Quantcast
Jump to content


PM Importance - - - Cars need to have a PM schedule... so does the mechanic


Recommended Posts

 PM Importance

         The mere idea of an intermittent problem that can’t be reproduced is a diagnostic situation that comes up way too often for mechanics.  Another is the car that comes in that has had absolutely no preventative maintenance performed, and we all know how that’s going to end up.  After decades of being behind the service counter, as well as under the hood, I do get a bit frustrated that people won’t do any preventive maintenance, or neglect to tell me about an intermittent problem they’ve had forever, because they feel it has obviously nothing to do with the reason they’re here today.  

         I can only do so much, and without some prior history of any symptoms or what work that has been done, it makes it rather difficult to do my job as a mechanic to the best of my abilities.  Information is the key when it comes to just about any subject, and preventive maintenance can lead to a lot of information, which is by far the cheapest and best way to prevent even larger problems.

      I found out the hard way a PM doesn’t just apply to the family car. Your internal engine needs some maintenance once in a while, too. Neglecting the early signs of an intermittent problem with a car may not have as devastating effect as neglecting your body’s own advanced warnings. Let’s face it, a car drops a valve or burns out a PCM, all your friends and family don’t send flowers or come visit you in the service bay. This is one of those times when the sure footed mechanic with all of his snarky comments about people who don’t listen to their car and won’t relay the pertinent information to their mechanic is now the patient, not the repair guy.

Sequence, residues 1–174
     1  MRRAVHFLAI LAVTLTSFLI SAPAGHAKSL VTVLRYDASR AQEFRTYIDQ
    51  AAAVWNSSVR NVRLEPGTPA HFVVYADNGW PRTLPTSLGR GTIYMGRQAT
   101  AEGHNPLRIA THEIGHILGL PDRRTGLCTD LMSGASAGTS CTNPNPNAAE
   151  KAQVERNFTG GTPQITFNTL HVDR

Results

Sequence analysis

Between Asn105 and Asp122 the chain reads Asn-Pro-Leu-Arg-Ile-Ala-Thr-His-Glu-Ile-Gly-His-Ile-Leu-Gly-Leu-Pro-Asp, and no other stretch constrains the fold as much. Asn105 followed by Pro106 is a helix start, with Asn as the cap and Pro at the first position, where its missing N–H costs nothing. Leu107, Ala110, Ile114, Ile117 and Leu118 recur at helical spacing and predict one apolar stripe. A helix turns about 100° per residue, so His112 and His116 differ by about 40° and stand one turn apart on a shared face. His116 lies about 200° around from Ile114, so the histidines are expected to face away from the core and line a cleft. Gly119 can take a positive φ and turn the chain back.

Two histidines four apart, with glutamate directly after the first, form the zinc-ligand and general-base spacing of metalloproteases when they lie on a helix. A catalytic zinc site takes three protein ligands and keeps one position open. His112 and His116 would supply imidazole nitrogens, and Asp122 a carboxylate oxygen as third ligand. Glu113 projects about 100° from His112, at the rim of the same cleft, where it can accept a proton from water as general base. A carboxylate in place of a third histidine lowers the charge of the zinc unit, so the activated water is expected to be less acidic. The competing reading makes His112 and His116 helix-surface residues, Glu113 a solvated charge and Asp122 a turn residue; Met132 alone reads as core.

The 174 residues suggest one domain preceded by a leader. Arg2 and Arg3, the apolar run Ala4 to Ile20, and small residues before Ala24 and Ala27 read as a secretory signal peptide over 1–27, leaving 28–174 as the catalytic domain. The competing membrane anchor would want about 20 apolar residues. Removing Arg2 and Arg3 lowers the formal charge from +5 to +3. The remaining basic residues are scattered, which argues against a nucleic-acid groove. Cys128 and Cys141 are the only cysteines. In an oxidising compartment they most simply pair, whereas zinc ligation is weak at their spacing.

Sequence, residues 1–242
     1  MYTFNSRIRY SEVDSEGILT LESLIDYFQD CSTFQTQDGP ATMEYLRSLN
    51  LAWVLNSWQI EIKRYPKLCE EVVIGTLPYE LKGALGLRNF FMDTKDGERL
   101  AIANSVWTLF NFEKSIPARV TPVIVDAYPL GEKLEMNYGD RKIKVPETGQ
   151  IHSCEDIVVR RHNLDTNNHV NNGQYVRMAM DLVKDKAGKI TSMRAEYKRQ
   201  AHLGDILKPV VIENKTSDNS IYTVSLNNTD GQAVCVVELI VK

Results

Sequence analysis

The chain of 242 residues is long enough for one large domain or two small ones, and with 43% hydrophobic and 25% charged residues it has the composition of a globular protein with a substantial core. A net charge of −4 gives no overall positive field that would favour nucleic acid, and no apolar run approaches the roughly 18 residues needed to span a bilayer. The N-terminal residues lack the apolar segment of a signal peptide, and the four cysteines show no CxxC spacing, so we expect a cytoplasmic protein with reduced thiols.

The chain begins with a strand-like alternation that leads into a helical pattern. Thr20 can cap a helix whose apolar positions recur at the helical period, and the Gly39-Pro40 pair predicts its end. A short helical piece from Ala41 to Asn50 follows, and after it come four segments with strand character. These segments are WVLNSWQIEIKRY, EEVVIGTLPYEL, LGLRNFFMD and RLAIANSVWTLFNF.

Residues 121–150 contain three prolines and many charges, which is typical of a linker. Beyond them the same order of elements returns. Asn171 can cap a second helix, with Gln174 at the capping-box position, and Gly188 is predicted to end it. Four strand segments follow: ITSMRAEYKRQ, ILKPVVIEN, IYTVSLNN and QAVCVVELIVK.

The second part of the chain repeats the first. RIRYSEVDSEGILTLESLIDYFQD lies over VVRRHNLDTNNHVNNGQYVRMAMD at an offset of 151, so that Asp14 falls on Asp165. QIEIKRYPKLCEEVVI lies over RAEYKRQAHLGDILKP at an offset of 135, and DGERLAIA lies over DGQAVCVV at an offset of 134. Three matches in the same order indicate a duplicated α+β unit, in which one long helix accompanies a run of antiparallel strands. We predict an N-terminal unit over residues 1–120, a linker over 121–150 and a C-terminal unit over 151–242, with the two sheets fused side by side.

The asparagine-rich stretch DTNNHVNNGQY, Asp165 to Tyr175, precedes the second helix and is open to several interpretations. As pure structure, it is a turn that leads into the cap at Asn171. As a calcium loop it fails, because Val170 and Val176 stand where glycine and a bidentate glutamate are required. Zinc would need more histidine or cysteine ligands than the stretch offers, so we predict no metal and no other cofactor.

Hardly a car will make it for its entire life without clogging the EGR passages, blocking the VVT ports, or have the occasional reduced air flow from of a dirty air filter. It’s inevitable that some sort of maintenance procedure will need to be performed to maintain that “as new” drivability. Me, the mechanic, well… I don’t have a check engine light to forewarn my impending doom.  If I’m feeling a bit down, maybe a bit slow, or a slight tightness in the chest I’m likely to shrug it off and get back to work. Until the pain literally throws me to the floor, while clenching my favorite ratchet to the chest, this stubborn old guy won’t realize I’m about to cash in on that life time warranty I thought I had. You know the type: the “A” personality, all knowing, self-assured, and can take care of any problem on my own mechanic guy.”  Well, age and time, diet, stress, and my family medical history have done me in.  You’ve met your match, Buster. You’re about to throw a rod.   

         The mechanic with “A” personality traits, and the “I’m the guy with the answers, and I’m right so often it’s a shock when I’m not”, as well as the, “Large and in charge” attitude usually means they’re (I’m talking about myself of course) not likely to listen to anyone else. They tell themselves those chest pains felt off and on are from some bad pastrami, but it’s a heart attack and it’s only going to get worse. And, it did.  I can still hear all the times my wife and kids harped at me as I was being wheeled down the hospital hallways on the gurney, watching the neon lights zip by as I was rushed into Triage. 

 I hate to say it, but that’s me to a “T”.  I often wondered why the surgeons were held to such high esteems, and why they all seemed to have an air of confidence about them. I believe it’s a result of the years of training, the years of answering questions, and the years of listening to halfwit, poorly conceived ideas of what ails a person from people who have no idea what they’re talking about. Which is not that different than what the trained mechanic goes through on a daily basis.  People ask questions and expect educated answers.